Web-3 is an interesting position right now. On the one hand, the market is not exactly in its 2021 prime as bears still hold the throne. On the other hand, if you listen closely enough, you’ll hear whispers of a bull run in the making: The Bitcoin halving is coming up, and there’s all the commotion around the possible BlackRock Bitcoin ETF. So as builders build and hodlers hodl, the hope for a new season of plenty is very much alive.
Now, about that builder part. I have been talking with many builders lately, and I have noticed a trend — and a story worth telling. There are lessons to learn there, both for aspiring Web3 teams and for layer-1s, and implications for what this next bull run might look like. But first, just a little history.
Bitcoin was the first to introduce the world to the concept of cryptocurrencies, but it was Ethereum that picked up the Olympic flame and ran with it a whole new distance. By design, this network was more versatile, enabling savvy builders to create all sorts of decentralized applications on top of it. What made it possible was the Ethereum Virtual Machine (EVM), Ethereum’s runtime environment for smart contracts — computer code executed in a decentralized fashion.
EVM is so massively popular that it’s the de-facto industry standard for Web3. Most of the highest market cap layer-1s, such as the BNB Chain, Avalanche, and Cardano, leverage the EVM, and Ethereum has
There’s a few reasons for that. First of all, Ethereum on its own has the second-largest market cap across the entire Web3 space. Add the combined liquidity from all of the EVM-based chains, and you get a massive allure of a capital trove to potentially access.\
And that “if” is actually not as hypothetical as it might seem. More and more teams that started off on an EVM layer-1 find themselves moving to other networks — for a variety of reasons. For Ethereum, it is often the relatively low throughput and high transaction fees compared to other chains, and for other general-purpose layer-1s, it’s the lack of mission-specific functions and economic mechanisms that would have helped this particular project.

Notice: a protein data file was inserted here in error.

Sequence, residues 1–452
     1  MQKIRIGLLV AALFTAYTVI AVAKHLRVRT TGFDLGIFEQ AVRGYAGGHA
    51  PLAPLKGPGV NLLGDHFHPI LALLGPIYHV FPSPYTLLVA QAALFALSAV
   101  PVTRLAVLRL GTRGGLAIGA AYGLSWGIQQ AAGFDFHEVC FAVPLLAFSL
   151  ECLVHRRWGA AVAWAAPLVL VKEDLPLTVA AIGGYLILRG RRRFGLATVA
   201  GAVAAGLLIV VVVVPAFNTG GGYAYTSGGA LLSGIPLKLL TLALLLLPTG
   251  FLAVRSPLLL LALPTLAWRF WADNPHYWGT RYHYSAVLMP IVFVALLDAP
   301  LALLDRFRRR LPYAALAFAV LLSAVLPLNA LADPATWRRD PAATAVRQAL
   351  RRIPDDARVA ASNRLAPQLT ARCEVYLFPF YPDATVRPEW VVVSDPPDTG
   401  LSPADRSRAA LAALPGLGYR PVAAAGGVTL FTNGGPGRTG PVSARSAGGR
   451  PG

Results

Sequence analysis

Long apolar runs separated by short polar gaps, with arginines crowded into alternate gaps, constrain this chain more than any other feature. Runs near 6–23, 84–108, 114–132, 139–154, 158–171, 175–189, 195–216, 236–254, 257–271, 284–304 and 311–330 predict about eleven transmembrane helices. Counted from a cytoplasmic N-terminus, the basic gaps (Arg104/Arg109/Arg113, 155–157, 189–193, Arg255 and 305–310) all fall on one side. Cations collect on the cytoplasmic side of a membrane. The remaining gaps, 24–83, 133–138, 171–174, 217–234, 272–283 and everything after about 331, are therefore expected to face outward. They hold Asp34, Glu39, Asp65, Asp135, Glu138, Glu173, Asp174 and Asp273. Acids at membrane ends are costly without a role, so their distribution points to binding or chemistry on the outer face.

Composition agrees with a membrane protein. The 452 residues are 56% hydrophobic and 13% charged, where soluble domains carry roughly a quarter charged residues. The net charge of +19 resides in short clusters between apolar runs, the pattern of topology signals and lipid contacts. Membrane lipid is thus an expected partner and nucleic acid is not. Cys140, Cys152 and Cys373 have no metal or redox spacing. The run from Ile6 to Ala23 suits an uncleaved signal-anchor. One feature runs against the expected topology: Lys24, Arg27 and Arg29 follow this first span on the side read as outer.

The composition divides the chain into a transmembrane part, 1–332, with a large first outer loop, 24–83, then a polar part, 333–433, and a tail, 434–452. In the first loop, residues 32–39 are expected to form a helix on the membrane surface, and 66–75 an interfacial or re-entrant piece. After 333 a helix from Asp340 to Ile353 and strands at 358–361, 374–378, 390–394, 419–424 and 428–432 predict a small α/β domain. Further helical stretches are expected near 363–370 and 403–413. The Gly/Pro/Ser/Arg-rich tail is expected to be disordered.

Open the gates!
It is too early to speak of an actual exodus from the EVM — if anything, this runtime is set to stay the industry staple given the simple laws of financial gravity. Money loves money, and in the next bull run, Ethereum’s huge market cap will inevitably draw in investors, and, by extension developers. This will likely amplify the project migration as it remains to be seen how the updated network will tackle the uptick of activity.
When looking at the options on the table, these teams will be after many things, such as the aforementioned mission-specific tools and incentivization mechanisms. One thing they won’t want to do, though, is to completely rebuild their entire architecture around a new tech stack. And that is something they will most likely have to do if migrating to a non-EVN blockchain.
As the crypto world is bracing for another potential bull run, it’s crucial for any layer-1s that aren’t compatible with EVM to do a fast 180 on that. Full compatibility with EVM makes your project accessible to an exponentially higher number of builders and reduces the technological entry barrier to almost zero for anyone who’s done at least some coding. At a time when so many teams are looking for the perfect home — and many more will once the bulls go runnin’ — such versatility opens a clear-cut pathway to network growth.
This is why peaq is
Does all of this mean that there is no life beyond EVM? No, just the opposite — there are bustling communities growing around blockchains that are based on other frameworks. These networks have a lot to offer to projects looking for a new home, and, moving forward, they would stand to benefit a lot from making themselves as accessible to EVM-native teams as possible.
About the author
Leonard Dorlöchter is the co-founder of peaq, the go-to blockchain for real-world applications, and EoT Labs, a software development and incubation organization supporting open-source projects focused on the Economy of Things.